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Detroit Uses Stimulus Money to Lure Residents With $1,000 Homes

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Detroit Mayor Dave Bing is desperately trying to bring residents back to the Motor City, starting with civil servants . In one of his first major steps to bolster select Detroit neighborhoods, the mayor announced this week that he plans to lure at least 200 police officers back to the city by offering renovated abandoned homes for as little as $1,000 each.

About 53 percent of Detroit's 2,845 police officers currently live outside Detroit.  The exodus of officers began  in 1999 when the state revoked mandatory residency for the city's municipal employees, allowing police to live where they wanted.

According to the Detroit Free Press, Bing plans to use $30 million of federal stimulus money to purchase and refurbish abandoned houses in select neighborhoods. The city reportedly plans to spend up to $150,000 to renovate each home.  Additionally, officers will be eligible to receive up to $25,000 for a down payment on a city home, though many homes will come down-payment free with forgivable loans and energy-efficient construction.

Officer LaDawn Russell, who left Detroit for Oak Park in 2007, in part for her children, is considering moving back. "Around New Year's Eve, I don't hear gunshots" in Oak Park, said Russell, 30.

Residents of the neighborhoods and officers responded positively. By Monday evening, about 50 officers had inquired about the program, according to the mayor's office.

"I think for any neighborhood, whether it's in Detroit or outside of the area, to know that there are professional public safety officials in the community is always a sense of comfort," said Pamela Miller Malone, president of the Historic Boston-Edison Association.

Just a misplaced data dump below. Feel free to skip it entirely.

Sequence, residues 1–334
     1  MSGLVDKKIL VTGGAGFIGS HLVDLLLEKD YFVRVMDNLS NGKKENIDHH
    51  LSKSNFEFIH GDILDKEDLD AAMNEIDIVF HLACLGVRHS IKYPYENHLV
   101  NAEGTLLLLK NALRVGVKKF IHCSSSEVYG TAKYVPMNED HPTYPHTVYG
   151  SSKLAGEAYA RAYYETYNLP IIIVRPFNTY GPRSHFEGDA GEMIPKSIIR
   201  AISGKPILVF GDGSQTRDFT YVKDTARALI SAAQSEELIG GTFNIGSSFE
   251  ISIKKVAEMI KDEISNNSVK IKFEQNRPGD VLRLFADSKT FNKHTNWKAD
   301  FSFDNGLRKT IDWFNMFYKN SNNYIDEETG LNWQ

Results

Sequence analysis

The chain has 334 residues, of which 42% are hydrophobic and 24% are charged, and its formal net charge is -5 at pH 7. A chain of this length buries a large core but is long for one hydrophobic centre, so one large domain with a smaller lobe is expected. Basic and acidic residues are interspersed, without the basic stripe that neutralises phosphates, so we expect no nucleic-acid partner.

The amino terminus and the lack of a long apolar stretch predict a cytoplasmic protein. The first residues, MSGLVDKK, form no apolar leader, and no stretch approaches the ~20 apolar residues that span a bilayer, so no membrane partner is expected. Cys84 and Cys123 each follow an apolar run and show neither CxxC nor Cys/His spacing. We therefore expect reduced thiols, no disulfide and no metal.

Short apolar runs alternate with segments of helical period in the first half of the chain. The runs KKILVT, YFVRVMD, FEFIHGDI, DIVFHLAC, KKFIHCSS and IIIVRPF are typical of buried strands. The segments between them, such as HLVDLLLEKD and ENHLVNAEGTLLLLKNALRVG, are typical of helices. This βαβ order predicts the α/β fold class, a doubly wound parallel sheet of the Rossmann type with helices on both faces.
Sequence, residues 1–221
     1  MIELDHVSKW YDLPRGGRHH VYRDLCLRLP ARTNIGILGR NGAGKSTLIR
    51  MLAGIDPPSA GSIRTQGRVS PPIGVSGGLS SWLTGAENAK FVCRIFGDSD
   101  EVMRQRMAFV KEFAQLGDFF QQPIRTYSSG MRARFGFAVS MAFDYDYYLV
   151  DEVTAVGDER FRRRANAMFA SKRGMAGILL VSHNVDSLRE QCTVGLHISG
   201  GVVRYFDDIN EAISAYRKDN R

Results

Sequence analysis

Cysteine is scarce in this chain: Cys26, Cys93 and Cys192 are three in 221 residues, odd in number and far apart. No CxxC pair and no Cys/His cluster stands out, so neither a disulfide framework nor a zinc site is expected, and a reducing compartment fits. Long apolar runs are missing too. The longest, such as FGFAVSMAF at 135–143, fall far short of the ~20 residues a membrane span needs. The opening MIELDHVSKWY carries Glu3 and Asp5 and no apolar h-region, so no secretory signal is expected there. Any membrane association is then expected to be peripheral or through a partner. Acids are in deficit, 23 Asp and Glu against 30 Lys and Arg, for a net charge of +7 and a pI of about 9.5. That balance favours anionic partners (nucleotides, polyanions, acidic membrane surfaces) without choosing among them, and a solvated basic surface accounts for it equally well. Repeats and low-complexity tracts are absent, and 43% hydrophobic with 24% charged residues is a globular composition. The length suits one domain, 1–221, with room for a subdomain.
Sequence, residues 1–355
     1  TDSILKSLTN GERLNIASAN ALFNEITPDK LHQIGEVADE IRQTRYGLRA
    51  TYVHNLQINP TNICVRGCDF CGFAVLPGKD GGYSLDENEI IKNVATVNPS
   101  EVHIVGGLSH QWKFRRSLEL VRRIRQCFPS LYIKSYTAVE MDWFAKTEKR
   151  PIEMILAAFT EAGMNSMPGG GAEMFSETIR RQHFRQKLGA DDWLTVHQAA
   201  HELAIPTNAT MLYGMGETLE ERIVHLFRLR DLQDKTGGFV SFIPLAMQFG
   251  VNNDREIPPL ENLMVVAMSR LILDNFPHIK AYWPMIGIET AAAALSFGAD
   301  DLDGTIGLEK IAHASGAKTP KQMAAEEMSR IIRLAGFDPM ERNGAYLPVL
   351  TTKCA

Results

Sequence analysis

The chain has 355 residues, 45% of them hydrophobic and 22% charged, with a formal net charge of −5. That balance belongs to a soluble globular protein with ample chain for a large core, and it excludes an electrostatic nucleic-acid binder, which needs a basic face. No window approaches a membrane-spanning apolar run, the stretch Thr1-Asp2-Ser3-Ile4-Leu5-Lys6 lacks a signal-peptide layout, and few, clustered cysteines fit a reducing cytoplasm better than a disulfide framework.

By offering special home-ownership programs to police officers, Bing hopes to combine plans to boost the city's population and tax base while deterring rampant crime.

"We hope this serves as a call to action for other corporations, organizations and individuals to live where they work," Bing said. "Detroiters want to live in safe, clean neighborhoods. They deserve nothing less."

The city's new plan comes on the heels of a similar proposals from Wayne State University, Detroit Medical Center and Henry Ford Health System which all recently offered cash incentives to about 30,000 employees to move into Detroit's Midtown area.

If more federal funds become available, Bing said he'd like to extend a similar offer to firefighters, most of whom live in the city's suburbs.

"We will beg for additional dollars," Bing said, adding that no city tax money will be used to relocate police.

The new housing incentives are just one part of Bing's Public Works Program which he says could be a "model for the nation" -- an ironic choice of words since Detroit was once one of President Lyndon B. Johnson's "model cities" which has received billions of federal dollars for urban renewal in recent decades to fight the so-called War on Poverty.

"We are so excited about this program," Police Chief Ralph Godbee said.

But some officers aren't taking the bait.  Officer Randall Coleman, who currently lives outside Detroit, said that moving into Detroit might mean working "24 hours a day."

While insurance costs are high and school performance low, some look at the large homes available and see the offer as too good to be true.

Officer William Booker-Riggs said he plans to move back to Detroit from Southfield, where he moved about nine months ago for reasons he wouldn't explain. He said he is impressed with the large homes in the targeted areas and joked that his daughter has already asked to have her own three bedrooms.

Another irony: the neighborhoods reserved for the police relocation program are considered to be the safest in the city, patrolled regularly by private security companies.

The city of Detroit received $41 million from the stimulus' Neighborhood Stabilization Fund.  The other $11 million is reportedly going to help lower-income resident purchase homes.

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